So Why are Batman and Superman Fighting?

I’ve already been asked the above question at least 10 times by family members and a couple of friends and I expect I’ll be asked it many more times before Batman v Superman: Dawn of the R-rated DVD Cut gets released on March 25. For the sake of preemptively answering any lingering queries you may have about the oncoming slug fest, I will spend the entirety of this article telling you everything I know about the most popular superhero-on-superhero battle in all of comicdom.

Within the context of the film itself, why Batman and Superman are fighting is pretty easy to answer. The trailers and the marketing materials have made it pretty clear that the world and Batfleck in particular feel threatened by Superman after that his fight with Zod reduced Metropolis to ruins at the end of Man of Steel. Honestly, I can’t really blame them for feeling that way; Superman was punching Zod into skyscrapers that were presumably full of people. For his part, Clark Kent/Superman doesn’t approve of Batman’s vigilante tactics and I also can’t quite fault him for feeling that way, since Batfleck is in full-on psycho-thug Batman mode and is straight up breaking bones and branding badguys with the bat symbol.

So, yeah…we’re kind of at an impasse.

Lex Luthor will be stirring up the pot to try and get them to destroy each other, because that’s what super villains do. I suspect that Wonder Woman’s role will be to try to get them to drop the macho bullshit and make friends with each other. Doomsday will be a last ditch gamble on Luthor’s part to destroy all three heroes once he realizes his initial scheme has fallen through. Doomsday will most certainly be made from Zod’s DNA. Then, once the dust has settled, the trio will recruit more super friends to make a team in case stuff like that happens again and that’s how we will end up with the Justice League.

That’s my big, not-risky-at-all BvS prediction, because having superheroes stepping on each others toes before uniting against a common enemy is one of the oldest tricks in the book. Hell, we already saw versions of that scenario in The Avengers and Guardians of the Galaxy. At this point, I’m in awe that movie goers aren’t as sick of this cliché as comics readers.

For those who don’t know, BvS did not invent the great Batman/Superman fight. These two have tussled more times than I can count in the comics and the occasional cartoon for decades. It has been the center of many spirited debates in the geek community for a long ass time and it has been fought over so much that pretty much all of the fun has been thoroughly drained from it. I think I got sick of the debate before I was legally old enough to drink. Speaking of drinking, I’m legitimately terrified that BvS will blow so much that it will turn me into an alcoholic. The stakes are high on this one.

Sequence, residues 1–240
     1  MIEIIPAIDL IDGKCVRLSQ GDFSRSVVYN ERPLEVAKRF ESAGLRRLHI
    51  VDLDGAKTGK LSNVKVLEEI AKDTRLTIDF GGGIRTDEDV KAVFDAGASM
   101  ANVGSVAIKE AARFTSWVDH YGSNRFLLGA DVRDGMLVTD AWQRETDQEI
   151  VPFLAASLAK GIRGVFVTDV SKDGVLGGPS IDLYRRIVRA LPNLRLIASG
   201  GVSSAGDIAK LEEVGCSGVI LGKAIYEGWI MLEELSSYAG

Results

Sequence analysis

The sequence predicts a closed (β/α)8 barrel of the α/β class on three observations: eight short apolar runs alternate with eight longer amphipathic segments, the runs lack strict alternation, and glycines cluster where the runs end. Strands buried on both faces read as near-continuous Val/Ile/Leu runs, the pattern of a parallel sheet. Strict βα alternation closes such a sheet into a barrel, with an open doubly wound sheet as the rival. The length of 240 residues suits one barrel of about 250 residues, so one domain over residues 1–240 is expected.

I’m not particularly well-versed in old comics, but one of the earliest Batman/Superman fights I could find is from 1966, within the the pages of World’s Finest Comics #163, in which an evil alien forces the two heroes into gladiatorial combat against each other via hypnotic suggestion. That issue sadly isn’t available on Comixology, but I’m going to go out on a limb and guess that Batman and Superman threw off the hypnosis and took down the villain at the end.

It wasn’t until the 1980s, the beginning of comics’ dark modern age, that the rivalry between DC’s two biggest heroes became deadly serious business. Frank Miller’s landmark 1986 miniseries The Dark Knight Returns ends with Superman (now working for the US government in DKR’s dystopian future setting) brawling with an elderly, armored-up Batman (a vigilante fugitive) in Crime Alley. Batman wins the fight in the most ridiculous and appropriately Batman-esque manner possible: by plugging his suit into Gotham’s power generator and using the power of the entire city to deliver a knockout blow followed by the most brutal head stomp in all of comics. Superman survives, and Batman fakes his death so he can train a new generation of Batmen to take his place. I first read DKR when I was 17 (for an English class, of all things) and I thought that fight was pretty badass. Looking back now, I begrudgingly acknowledge that it’s still awesome, though it’s far from my favorite comics moment for either character.